Banoffee Cheesecake with Toffee Pecan Sauce
The magic word 'banoffee' does not, as you might have thought, have exotic origins: it is simply an amalgam of banana and toffee. But it is magic nonetheless – the combination of bananas, cream and toffee is inspired. Here, I have incorporated them all into a cheesecake with the addition of one extra star ingredient, toasted pecan nuts.
|For the base:|
|3 oz (75 g) pecan nuts (use half for the base and half for the sauce)|
|4 oz (110 g) sweet oat biscuits|
|1½ oz (40 g) melted butter|
|For the filling:|
|3 medium-size ripe bananas (8 oz/225 g peeled weight)|
|1 tablespoon lemon juice|
|3 large eggs|
|12 oz (350 g) medium-fat curd cheese|
|1 x 200 g tub fromage frais (8 per cent fat)|
|6 oz (175 g) caster sugar|
|For the sauce:|
|2 oz (50 g) butter|
|3 oz (75 g) soft brown sugar|
|2 oz (50 g) granulated sugar|
|5 oz (150 g) golden syrup|
|5 fl oz (150 ml) double cream|
|a few drops vanilla extract|
|For the topping:|
|3 medium-size ripe bananas|
|2 tablespoons lemon juice|
|Pre-heat the oven to gas mark 6, 400ºF (200ºC).|
|Need help with conversions?|
|You will also need a Delia Online 20cm round loose-based cake tin, or similar, lightly buttered and baking parchment lining the base.|
This recipe is from The Delia Collection: Puddings
Begin by toasting all the pecan nuts.
Place them on a baking tray and bake in the oven for 7 minutes until lightly toasted or, if you watch them like a hawk, you can toast them under a grill.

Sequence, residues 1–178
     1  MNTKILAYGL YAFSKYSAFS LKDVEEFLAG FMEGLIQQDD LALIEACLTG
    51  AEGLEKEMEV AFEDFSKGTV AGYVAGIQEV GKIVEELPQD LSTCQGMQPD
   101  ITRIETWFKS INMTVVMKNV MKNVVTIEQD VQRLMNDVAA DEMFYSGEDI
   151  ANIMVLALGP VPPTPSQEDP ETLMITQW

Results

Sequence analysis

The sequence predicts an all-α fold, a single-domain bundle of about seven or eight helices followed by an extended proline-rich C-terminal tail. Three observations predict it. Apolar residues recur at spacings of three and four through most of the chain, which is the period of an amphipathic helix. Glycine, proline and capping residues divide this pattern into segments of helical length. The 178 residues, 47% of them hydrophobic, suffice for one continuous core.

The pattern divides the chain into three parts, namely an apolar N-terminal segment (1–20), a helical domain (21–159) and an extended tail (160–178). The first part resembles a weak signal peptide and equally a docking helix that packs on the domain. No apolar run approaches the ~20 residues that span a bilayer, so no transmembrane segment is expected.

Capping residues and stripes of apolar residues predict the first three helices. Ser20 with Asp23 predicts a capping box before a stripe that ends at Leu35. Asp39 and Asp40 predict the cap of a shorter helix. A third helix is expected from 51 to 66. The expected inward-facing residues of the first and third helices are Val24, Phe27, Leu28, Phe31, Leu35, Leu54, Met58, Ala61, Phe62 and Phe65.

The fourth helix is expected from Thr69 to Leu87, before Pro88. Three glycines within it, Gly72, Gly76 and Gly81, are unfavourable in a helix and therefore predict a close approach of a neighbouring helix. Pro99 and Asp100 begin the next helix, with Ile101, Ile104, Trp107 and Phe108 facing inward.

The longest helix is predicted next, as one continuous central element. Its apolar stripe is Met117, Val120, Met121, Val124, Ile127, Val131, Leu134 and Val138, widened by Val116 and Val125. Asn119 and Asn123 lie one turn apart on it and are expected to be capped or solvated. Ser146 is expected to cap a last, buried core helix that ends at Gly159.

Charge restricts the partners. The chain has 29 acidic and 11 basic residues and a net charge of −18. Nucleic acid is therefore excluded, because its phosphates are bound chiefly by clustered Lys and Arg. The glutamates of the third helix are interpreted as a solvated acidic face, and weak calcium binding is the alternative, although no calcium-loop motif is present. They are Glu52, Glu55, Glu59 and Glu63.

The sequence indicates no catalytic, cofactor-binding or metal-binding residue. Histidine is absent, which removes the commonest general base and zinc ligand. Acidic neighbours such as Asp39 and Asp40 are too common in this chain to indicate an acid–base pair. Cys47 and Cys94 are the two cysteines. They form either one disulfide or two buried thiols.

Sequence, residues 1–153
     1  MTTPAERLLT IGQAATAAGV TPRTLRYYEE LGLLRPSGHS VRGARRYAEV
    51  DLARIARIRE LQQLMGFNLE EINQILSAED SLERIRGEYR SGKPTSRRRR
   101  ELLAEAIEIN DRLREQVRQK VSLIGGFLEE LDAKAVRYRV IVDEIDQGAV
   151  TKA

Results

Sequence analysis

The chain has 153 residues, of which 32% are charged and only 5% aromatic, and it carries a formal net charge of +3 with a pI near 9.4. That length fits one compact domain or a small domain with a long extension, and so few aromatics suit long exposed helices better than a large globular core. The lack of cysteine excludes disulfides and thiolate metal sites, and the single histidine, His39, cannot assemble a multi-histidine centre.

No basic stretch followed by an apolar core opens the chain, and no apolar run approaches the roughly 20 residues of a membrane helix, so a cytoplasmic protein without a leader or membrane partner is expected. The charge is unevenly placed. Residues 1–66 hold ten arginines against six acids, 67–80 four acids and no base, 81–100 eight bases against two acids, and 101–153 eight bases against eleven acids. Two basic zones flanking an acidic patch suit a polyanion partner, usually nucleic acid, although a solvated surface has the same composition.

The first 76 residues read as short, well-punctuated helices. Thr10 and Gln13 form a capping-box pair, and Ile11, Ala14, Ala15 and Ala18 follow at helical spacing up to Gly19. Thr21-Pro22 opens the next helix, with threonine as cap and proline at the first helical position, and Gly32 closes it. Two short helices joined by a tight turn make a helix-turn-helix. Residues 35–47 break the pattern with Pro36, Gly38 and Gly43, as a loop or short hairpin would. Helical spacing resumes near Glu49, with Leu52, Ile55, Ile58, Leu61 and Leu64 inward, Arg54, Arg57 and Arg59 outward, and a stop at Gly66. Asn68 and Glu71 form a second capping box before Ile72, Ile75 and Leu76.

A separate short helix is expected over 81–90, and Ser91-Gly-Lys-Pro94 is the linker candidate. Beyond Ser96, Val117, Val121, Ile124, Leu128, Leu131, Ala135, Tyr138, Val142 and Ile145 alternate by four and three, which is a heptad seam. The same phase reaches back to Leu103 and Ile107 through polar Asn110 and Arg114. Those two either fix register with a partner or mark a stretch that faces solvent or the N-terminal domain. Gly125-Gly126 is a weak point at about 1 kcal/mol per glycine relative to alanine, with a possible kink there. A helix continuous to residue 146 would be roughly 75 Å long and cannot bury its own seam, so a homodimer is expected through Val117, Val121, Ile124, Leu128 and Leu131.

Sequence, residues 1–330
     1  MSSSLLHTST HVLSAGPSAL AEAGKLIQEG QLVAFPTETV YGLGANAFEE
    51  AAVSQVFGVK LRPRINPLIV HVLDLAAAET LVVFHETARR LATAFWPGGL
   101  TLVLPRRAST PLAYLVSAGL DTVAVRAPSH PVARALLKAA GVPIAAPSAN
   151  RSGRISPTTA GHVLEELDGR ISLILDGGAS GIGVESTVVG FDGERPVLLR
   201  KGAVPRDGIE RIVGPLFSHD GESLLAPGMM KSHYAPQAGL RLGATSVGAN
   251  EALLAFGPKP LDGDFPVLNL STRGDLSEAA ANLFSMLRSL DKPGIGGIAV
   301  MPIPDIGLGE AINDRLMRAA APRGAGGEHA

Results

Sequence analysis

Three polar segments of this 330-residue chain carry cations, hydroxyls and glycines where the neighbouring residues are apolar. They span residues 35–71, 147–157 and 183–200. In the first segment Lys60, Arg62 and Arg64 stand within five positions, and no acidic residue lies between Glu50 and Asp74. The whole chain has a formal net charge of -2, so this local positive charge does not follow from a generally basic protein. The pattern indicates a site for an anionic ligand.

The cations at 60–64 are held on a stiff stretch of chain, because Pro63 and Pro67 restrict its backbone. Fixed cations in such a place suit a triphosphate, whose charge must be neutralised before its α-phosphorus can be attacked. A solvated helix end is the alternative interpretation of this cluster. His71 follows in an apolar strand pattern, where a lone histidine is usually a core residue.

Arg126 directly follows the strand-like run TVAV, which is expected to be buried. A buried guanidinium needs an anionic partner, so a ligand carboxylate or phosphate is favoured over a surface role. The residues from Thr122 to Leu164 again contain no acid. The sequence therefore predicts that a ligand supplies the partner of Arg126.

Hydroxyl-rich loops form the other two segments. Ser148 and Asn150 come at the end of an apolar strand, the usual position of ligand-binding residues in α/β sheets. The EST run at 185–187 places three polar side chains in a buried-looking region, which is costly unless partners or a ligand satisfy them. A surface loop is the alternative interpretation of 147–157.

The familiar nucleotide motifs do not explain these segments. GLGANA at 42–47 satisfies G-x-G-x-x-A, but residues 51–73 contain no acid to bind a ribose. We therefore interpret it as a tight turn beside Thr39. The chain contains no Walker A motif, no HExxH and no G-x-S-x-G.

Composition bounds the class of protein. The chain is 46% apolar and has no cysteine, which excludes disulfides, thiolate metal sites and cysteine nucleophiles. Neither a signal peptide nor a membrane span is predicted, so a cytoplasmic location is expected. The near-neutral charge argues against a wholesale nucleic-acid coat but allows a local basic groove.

Then chop them quite small. Put the biscuits in a polythene bag, lay them flat and then roll them with a rolling pin to crush them coarsely. Then tip them into a bowl and add the melted butter and half the nuts.
Mix them well then press all this into the bottom of the cake tin and pre-bake the base in the oven for 10 minutes.
Then lower the temperature to gas mark 2, 300ºF (150ºC).
For the filling, first blend the 3 bananas and lemon juice in a food processor until smooth, then simply add all the rest of the filling ingredients.
Blend again then pour it all over the biscuit base and bake on the middle shelf of the oven for 1 hour.
Turn off the oven and leave the cheesecake inside to cool slowly until completely cold; this slow cooling will stop the cheesecake cracking.
To make the sauce, place the butter, sugars and syrup in a saucepan and, over a very low heat, allow everything to dissolve completely.
Let it cook for about 5 minutes.
Pour in the cream and vanilla extract and stir until everything is smooth, then add the rest of the chopped pecan nuts.
Remove it from the heat and allow it to cool completely before pouring it into a jug ready for serving.
When you are ready to assemble the cheesecake put the 2 tablespoons of lemon juice into a bowl.
Slice the remaining bananas at an oblique angle into ¼ inch (5 mm) slices, and gently toss them around to get an even coating of juice. If you like you can spoon a small circle of sauce into the centre, then layer the bananas in overlapping circles all round it.
Serve the cheesecake cut into slices with the rest of the sauce handed round separately.
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I have made many cheesecakes over the years but this one is my current favourite. Part of its charm is that it’s a little bit wobbly at the end of the cooking time and goes on firming up as it cools and chills.
Whenever I see cheesecake on a menu I'm filled with longing – there's something awfully comforting about cheesecake – but the question always arises as to whether it will or will not be cloying (and if it is, what a waste of calories!).
There is a distinct affinity between walnuts and maple syrup, and this light cheesecake marries the flavours beautifully. In order to increase the maple flavour the syrup here is reduced and thickened. The same process is used to make a lovely maple
Although it may not be the obvious choice at the end of a rich meal, the light and fluffy texture of this cheesecake, and its hit of lemon makes it ideal. The confit needs to be made a day in advance.
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